So we laid off some VFL coaches when it was clear that there was going to be no VFL season, which prompted one or two journalists to assume we were shutting down our VFL side forever and that led to a few supporters assuming that a choice had been made between VFL and AFLW. All while no announcement had been made on any of this by the club.It never left. Nothing has been decided.
Think. Stop reacting.
Lots of sh*t talking about nefarious political operators.So we laid off some VFL coaches when it was clear that there was going to be no VFL season, which prompted one or two journalists to assume we were shutting down our VFL side forever and that led to a few supporters assuming that a choice had been made between VFL and AFLW. All while no announcement had been made on any of this by the club.
Recruiting zones, conferences, list changes in the works for revamped VFL
The Victorian state league is set for major changes in 2021, from the number of teams to list requirements to recruiting zones. Here’s a snapshot of what’s under discussion.
Paul Amy, Leader
September 17, 2020 10:30am
The VFL could have up to 20 teams as clubs from three states assess their options for 2021.
The first step towards the make-up of the Victorian state league comes this Friday when clubs submit an “expression of interest’’ to be involved.
Indications are all NEAFL clubs bar the Canberra Demons will lodge their initial interest.
The AFL announced in August that the NEAFL would be absorbed into the Victorian league but the Demons have already announced they will not be part of it.
Northern and southern conferences are an option as the AFL looks to reduce costs for travel and accommodation.
The Victorian clubs have been given proposed new zones and list requirements for next year.
For a list of 40, the stand-alone clubs will have to contract 20 players under the age of 23, and 10 must be under the age of 21.
Aligned and AFL clubs will be permitted to list five players over the age of 23.
Five will have to be under the age of 23, and 20 other players under 21, sourced from zones that each club has been allocated.
But primary-list players can come from anywhere.
The zones apply across the entire competition in Victoria and are intended to promote and strengthen greater linkages between the NAB League and the VFL, as the VFL clubs had suggested in a submission to AFL state leagues manager Tristan Salter four months ago.
Frankston, for example, has been given Gippsland Power and Dandenong Stingrays.
Casey Demons have been allocated the Stingrays and the Melbourne Next Generation Academy, which takes in the Mornington Peninsula.
Box Hill Hawks can tap Eastern Ranges and Gippsland Power, which Hawthorn’s NGA covers.
Coburg has the Calders Cannons and the Bendigo Pioneers.
But four clubs have a bite at the Western Jets: Werribee, Williamstown, Footscray Bulldogs and North Melbourne through its NGA.
Some clubs will urge the AFL to take another look at the proposed zones.
Although AFL clubs must pull back on their spending, there are indications most will run their own VFL teams next year, even Carlton, which cut the Northern Blues in March as the impact of COVID-19 kicked in.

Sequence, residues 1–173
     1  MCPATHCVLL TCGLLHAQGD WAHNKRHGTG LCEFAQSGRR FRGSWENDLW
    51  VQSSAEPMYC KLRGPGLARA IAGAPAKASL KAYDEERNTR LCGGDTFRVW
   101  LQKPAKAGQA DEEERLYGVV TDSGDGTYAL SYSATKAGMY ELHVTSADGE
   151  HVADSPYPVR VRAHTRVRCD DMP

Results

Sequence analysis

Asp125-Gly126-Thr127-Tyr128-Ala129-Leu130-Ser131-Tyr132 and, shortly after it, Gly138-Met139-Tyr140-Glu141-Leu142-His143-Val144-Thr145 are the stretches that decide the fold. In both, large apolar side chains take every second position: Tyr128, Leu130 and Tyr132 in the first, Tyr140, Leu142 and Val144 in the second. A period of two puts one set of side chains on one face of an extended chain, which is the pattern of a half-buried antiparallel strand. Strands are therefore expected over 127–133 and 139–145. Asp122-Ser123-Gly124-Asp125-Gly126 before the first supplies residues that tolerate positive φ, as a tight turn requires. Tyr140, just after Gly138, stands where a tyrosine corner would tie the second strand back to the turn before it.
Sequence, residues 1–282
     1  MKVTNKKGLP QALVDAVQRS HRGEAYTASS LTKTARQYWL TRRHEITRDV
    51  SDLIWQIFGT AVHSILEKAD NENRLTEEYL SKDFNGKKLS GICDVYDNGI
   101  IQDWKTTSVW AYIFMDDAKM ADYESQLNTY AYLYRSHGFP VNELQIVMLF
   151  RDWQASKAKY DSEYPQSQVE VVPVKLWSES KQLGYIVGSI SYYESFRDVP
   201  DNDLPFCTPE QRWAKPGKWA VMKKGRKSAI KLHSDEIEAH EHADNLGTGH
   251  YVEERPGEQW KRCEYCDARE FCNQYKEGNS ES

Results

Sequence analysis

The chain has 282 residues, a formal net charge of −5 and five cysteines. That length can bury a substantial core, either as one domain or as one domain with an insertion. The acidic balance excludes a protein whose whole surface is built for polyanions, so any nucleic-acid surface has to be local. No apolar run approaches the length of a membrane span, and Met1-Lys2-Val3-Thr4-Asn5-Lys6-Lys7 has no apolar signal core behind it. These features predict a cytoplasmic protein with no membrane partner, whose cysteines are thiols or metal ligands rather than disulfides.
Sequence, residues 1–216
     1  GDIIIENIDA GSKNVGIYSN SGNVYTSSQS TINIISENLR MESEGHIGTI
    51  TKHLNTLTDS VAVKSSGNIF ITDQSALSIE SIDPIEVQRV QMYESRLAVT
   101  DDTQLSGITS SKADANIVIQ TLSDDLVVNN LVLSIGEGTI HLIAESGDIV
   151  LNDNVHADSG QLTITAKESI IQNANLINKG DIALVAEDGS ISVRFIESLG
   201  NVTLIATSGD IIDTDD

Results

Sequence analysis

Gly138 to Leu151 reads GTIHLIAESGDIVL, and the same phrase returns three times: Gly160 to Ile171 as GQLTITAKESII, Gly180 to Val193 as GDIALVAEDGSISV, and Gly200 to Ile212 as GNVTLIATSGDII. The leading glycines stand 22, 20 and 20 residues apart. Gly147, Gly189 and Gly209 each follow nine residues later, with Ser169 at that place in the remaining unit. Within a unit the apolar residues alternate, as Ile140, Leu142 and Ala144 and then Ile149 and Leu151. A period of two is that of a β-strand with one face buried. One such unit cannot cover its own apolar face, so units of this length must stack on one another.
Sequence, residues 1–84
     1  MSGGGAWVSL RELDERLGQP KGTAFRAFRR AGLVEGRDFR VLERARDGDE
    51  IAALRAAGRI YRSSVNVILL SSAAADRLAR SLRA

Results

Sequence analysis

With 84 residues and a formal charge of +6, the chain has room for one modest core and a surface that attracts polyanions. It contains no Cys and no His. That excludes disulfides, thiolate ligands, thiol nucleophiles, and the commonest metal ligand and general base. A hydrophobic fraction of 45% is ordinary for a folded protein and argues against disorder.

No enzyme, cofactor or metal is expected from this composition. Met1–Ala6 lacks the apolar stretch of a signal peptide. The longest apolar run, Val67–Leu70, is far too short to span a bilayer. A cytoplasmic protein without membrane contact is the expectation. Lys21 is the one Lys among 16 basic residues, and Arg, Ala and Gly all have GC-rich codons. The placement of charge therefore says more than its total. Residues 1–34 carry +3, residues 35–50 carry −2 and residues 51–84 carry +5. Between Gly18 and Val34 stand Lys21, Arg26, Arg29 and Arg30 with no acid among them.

Northern is going back to the Northern Bullants name and is out to operate as a stand-alone.
The zones are seen as a way of having more players coming out of the NAB League – which turns into an Under 19 and Under 17 competition next year – and going directly to the VFL.
The pathway would start with a 16-year-old player joining the Oakleigh Chargers, for example, and knowing he could go on to Port Melbourne in the VFL if he wasn’t drafted.
VFL club officials believe said such a system would increase opportunities for young players that were lost when VFL Development League was canned at the end of 2017.
An AFL recruiter backed the model, and said the onus would be on VFL clubs to work closely with the NAB League teams to create a “one-club’’ feel.
He said he saw it as the VFL’s attempt to replicate the SANFL and WAFL.
“That’s not a bad thing; what they have over there works,’’ he said.
AFL club officials contacted by Leader also supported the model but one had reservations about the zones, arguing the Jets should be left to Williamstown and the North Melbourne NGA, leaving Werribee to be attached to the Geelong Falcons and Greater Western Victoria Rebels regions and the Bulldogs also with the Rebels.
The “talent flow’’ from the Jets is seen as insufficient to produce enough players for the model.
Clubs’ official applications to be part of the revamped VFL in 2021 must be lodged with the AFL by the end of the month.
POTENTIAL VFL TEAMS IN 2021
AFL stand-alones: Brisbane, Carlton, Collingwood, Essendon, Footscray Bulldogs, Geelong, Gold Coast, Greater Western Sydney, North Melbourne, Richmond, Sydney
Aligned: Box Hill Hawks, Casey Demons, Sandringham
VFL stand-alones: Coburg, Frankston, Northern Bullants, Port Melbourne, Williamstown, Werribee
NEAFL: Aspley, Redlands, Southport, Sydney University
Stand-alone clubs: 20 players over 23, 10 under 23, 10 under 21
Aligned or AFL stand-alone clubs: five players over 23, five under 23, 20 under 21
Coburg: Calder Cannons, Bendigo Pioneers
Frankston: Dandenong Stingrays, Gippsland Power
Port Melbourne: Oakleigh Chargers, Sandringham Dragons
Northern Bullants: Northern Knights
Williamstown: Western Jets
Werribee: Western Jets, Greater Western Victoria Rebels
Box Hill Hawks: Eastern Ranges, Gippsland Power, Hawthorn NGA
Casey Demons: Dandenong Stingrays, Melbourne NGA
Sandringham: Sandringham Dragons, St Kilda NGA
Carlton: Northern Knights, Carlton NGA
Collingwood: Oakleigh Chargers, Collingwood NGA
Essendon: Calder Cannons, Bendigo Pioneers, Essendon NGA
Geelong: Geelong Falcons, Geelong NGA
North Melbourne: Tasmania, North Melbourne NGA
Richmond: Murray Bushrangers, Richmond NGA
Western Bulldogs: Western Jets, Western Bulldogs NGA